Imagine what the built environment would be like without mortar. It is something that we take for granted and to which most of us don’t give a second glance – unless a quinquennial inspection is due. Sitting as a soft and wet splodge on a bricklayers trowel it looks decidedly unpromising as a means of holding brickwork together, yet once dry it clearly has great strength.
So what is the faith-equivalent of mortar? What is it that binds people together in strong relationships and resilient communities? Or might we say who is it? The tendency to think in more individualistic or kin-group terms when faced with an external threat of some sort is probably hard-wired into our evolutionary make-up as a species. It seems to be the case that attitudes towards other groups and interests in society harden during a recession, and self-interest becomes sharper. The Party Conferences exhibit and exacerbate some of the classic faultlines which now threaten to heave and shift to disrupt our settled ways as a nation. This is only to be expected when severe cuts in Public Services are in the offing, whilst glaring inequalities between the rich and poor remain undisturbed.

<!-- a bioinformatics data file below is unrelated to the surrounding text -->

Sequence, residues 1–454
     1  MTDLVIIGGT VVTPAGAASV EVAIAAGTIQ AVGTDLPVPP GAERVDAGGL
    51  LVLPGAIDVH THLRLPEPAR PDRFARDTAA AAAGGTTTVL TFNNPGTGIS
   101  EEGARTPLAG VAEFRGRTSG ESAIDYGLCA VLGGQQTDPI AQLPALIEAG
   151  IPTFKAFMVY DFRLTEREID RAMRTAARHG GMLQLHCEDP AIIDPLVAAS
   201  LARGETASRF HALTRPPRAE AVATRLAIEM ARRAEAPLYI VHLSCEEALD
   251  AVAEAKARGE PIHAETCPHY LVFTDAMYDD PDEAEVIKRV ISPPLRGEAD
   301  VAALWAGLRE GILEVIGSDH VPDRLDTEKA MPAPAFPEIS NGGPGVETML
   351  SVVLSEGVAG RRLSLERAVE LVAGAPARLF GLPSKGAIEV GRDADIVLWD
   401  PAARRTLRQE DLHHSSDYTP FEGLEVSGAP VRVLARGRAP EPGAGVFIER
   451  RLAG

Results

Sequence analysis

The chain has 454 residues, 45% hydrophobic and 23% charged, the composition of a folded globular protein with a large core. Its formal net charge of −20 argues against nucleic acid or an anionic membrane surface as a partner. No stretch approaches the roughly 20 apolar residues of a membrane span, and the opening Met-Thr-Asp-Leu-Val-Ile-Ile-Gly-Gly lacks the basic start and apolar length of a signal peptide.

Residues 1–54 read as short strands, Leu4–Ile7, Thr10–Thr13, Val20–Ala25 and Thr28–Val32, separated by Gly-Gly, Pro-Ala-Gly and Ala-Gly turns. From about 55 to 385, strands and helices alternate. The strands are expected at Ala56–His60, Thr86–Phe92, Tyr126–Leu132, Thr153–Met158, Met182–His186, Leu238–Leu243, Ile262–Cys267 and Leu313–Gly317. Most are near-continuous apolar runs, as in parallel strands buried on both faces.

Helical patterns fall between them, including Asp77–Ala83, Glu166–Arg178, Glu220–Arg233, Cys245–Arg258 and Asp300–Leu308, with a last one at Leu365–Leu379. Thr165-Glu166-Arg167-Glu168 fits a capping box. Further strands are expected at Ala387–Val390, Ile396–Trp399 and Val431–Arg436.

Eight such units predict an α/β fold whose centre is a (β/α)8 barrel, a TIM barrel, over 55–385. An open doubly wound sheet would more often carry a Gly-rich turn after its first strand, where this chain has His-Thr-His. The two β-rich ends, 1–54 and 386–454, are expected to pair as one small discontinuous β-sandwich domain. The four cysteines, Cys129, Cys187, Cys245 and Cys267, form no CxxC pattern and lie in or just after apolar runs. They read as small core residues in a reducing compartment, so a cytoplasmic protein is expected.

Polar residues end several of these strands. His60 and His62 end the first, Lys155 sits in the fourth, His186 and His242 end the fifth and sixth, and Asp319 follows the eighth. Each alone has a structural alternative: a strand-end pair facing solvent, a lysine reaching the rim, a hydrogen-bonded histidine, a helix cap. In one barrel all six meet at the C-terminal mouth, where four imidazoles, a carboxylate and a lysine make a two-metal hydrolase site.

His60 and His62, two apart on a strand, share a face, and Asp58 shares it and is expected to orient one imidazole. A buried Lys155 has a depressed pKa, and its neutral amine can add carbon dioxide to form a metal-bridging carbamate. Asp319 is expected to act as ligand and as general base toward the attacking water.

At times like this it seems to be to be more vital than ever that Christians seek to be like the mortar on a Brickie’s trowel, ready to repair and hold together that which might otherwise fall apart when cracks appear. Sometimes of course the task is to wield the wrecking ball ourselves, and to clear away the resultant rubble and build something new and stronger in its place. We do not want to prop up injustice, exploitation and unfairness. But in many instances surely our vocation is to hold and absorb many of the tensions that are flowing through the built relational fabric of society, which might otherwise cause the masonry of understanding and respect to shift disastrously. Perhaps there is a lot of truth in the old adage: “united we stand, divided we fall.”